As the countdown to Christmas continues, many of us are looking forward to the festive break. A chance to relax, celebrate, and indulge. The shops are filled with the latest gift ideas, and the television adverts are presenting countless opportunities for that perfect present for a special someone. Alongside all the present buying, many of us are preparing to host parties and celebration meals. Supermarkets are bursting at the brim with tasty treats. However, it would seem that this year, concern is beginning to be voiced about the potential impact of all these indulgences on our health.
One such treat that, whilst actually being available all year round, has more recently become associated with Christmas, is that of Coca Cola. Thousands make the trip into town centres each year, eager to catch a glimpse of the Coca Cola lorry made famous through their annual advert featuring their ‘holidays are coming’ Christmas slogan. However, alongside the lorry and the festive cheer this year, some visitors were keen to ensure that consumers thought carefully about their choice of Christmas treat. Action groups gathered to raise awareness about the impact on our health of consuming too many foods and drinks.
As reported by the BBC, concern has been raised by many individuals and groups across the country. As well as highlighting the links between such food and drink items and the ever-rising obesity level in the UK, groups were also concerned about the impact of sugar on our teeth and oral health.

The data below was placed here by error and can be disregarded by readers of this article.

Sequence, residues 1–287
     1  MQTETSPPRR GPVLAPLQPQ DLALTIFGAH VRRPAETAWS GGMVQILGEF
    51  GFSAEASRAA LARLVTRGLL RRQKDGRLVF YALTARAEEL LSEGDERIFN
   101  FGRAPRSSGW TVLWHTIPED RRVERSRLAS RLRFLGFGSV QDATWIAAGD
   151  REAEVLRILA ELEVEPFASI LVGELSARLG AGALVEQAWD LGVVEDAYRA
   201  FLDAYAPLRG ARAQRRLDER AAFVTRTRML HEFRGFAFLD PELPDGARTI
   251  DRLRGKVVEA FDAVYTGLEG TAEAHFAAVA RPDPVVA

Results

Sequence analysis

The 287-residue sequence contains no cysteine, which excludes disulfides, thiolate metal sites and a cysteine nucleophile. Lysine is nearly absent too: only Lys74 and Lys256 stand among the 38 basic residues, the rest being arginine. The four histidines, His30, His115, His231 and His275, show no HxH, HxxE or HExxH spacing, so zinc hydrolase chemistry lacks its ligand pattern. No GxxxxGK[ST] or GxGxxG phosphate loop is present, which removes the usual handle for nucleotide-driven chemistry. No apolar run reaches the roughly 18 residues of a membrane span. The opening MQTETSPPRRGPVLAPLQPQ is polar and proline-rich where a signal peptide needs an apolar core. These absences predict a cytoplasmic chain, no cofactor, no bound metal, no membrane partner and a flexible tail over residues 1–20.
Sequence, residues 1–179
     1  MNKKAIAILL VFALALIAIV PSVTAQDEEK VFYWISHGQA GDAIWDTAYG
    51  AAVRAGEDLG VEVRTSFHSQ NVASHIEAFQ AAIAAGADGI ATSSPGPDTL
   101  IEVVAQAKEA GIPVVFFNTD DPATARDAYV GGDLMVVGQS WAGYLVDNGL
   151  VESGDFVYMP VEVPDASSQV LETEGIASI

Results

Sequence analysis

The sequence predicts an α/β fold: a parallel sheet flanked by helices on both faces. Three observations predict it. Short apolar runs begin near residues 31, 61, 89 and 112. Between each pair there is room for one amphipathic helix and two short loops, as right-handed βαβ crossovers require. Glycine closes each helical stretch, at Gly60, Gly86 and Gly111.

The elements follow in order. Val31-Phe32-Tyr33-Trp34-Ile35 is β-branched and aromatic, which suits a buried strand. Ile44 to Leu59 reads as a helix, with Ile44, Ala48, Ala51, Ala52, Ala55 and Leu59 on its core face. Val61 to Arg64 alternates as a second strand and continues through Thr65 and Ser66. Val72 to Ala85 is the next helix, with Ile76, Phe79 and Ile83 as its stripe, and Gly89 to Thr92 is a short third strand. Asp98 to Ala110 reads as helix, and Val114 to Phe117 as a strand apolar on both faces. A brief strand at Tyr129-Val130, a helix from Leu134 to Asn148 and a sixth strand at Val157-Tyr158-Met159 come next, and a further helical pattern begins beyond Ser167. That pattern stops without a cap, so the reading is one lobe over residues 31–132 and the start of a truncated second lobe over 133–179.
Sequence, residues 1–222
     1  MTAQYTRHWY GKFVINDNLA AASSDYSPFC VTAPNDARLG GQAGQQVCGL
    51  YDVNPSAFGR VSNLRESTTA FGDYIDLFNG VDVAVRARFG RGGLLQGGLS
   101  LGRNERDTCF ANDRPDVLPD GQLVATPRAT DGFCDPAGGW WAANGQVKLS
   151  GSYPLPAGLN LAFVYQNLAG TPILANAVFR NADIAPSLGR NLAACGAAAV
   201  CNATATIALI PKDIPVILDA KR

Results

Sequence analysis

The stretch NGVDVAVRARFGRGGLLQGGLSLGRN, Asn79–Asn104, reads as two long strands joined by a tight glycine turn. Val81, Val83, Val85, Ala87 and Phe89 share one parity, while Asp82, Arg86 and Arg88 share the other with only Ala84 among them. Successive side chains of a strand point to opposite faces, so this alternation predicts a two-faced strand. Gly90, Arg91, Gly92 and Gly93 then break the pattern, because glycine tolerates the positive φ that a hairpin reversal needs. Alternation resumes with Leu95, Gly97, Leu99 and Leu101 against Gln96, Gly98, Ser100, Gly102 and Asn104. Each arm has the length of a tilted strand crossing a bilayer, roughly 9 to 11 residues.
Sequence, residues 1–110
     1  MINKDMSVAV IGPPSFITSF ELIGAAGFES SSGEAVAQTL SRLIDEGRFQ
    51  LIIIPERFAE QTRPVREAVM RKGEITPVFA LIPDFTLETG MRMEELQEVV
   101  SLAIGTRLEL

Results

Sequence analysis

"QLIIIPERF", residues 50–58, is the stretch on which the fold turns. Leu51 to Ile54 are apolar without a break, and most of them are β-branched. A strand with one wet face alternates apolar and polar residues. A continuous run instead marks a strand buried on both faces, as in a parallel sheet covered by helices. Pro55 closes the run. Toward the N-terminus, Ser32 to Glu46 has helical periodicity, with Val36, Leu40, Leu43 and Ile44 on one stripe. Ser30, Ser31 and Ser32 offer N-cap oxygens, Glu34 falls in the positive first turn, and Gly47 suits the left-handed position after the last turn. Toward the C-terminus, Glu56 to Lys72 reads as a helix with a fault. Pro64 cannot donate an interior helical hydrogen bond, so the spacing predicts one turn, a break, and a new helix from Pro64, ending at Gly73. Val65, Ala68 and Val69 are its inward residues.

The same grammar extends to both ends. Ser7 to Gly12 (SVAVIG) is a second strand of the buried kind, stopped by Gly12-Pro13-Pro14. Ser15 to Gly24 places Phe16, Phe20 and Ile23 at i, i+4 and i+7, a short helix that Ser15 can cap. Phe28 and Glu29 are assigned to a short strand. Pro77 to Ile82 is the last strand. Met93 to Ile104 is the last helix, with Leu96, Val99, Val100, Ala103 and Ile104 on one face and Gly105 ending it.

Sugary foods and drinks, which are available in abundance at this time of year, are known to be a significant contributory factor in the onset and progression of tooth decay. Tooth decay occurs when the protective outer layers of our teeth come under attack from acids, formed as a result of our consumption of sugary items. Over time, these acids wear away the outer layer and cause the formation of cavities (holes) in our teeth. As these cavities become deeper, they become more painful (as the nerves in our teeth are more exposed), and become more dangerous for our teeth. They could eventually lead to a tooth needed to be removed. Tooth decay can be further exacerbated by consuming sugary foods and drinks between meals: this increases the amount of time that our teeth are under attack from acids, and gives them less time to ‘remineralise’ and recover.
Whilst the early stages of tooth decay may have no symptoms, your dental team may be able to spot the signs that a problem is beginning, and may be able to support you with treating this, for example, by applying a fluoride varnish. However, as the decay worsens, you are likely to experience pain and discomfort, and may require fillings or, as mentioned above, tooth removal. However, there are many steps that you can take to prevent tooth decay from occurring:
So, as you prepare for the festive break, and finish off that Christmas shopping, it’s important to be mindful of how you will protect your health during this busy time. We’ll all want to indulge a little bit, but keeping an eye on our consumption of sugary foods and drinks with really support your oral health.
For an example article from the BBC, please see: http://www.bbc.co.uk/news/uk-england-merseyside-41810436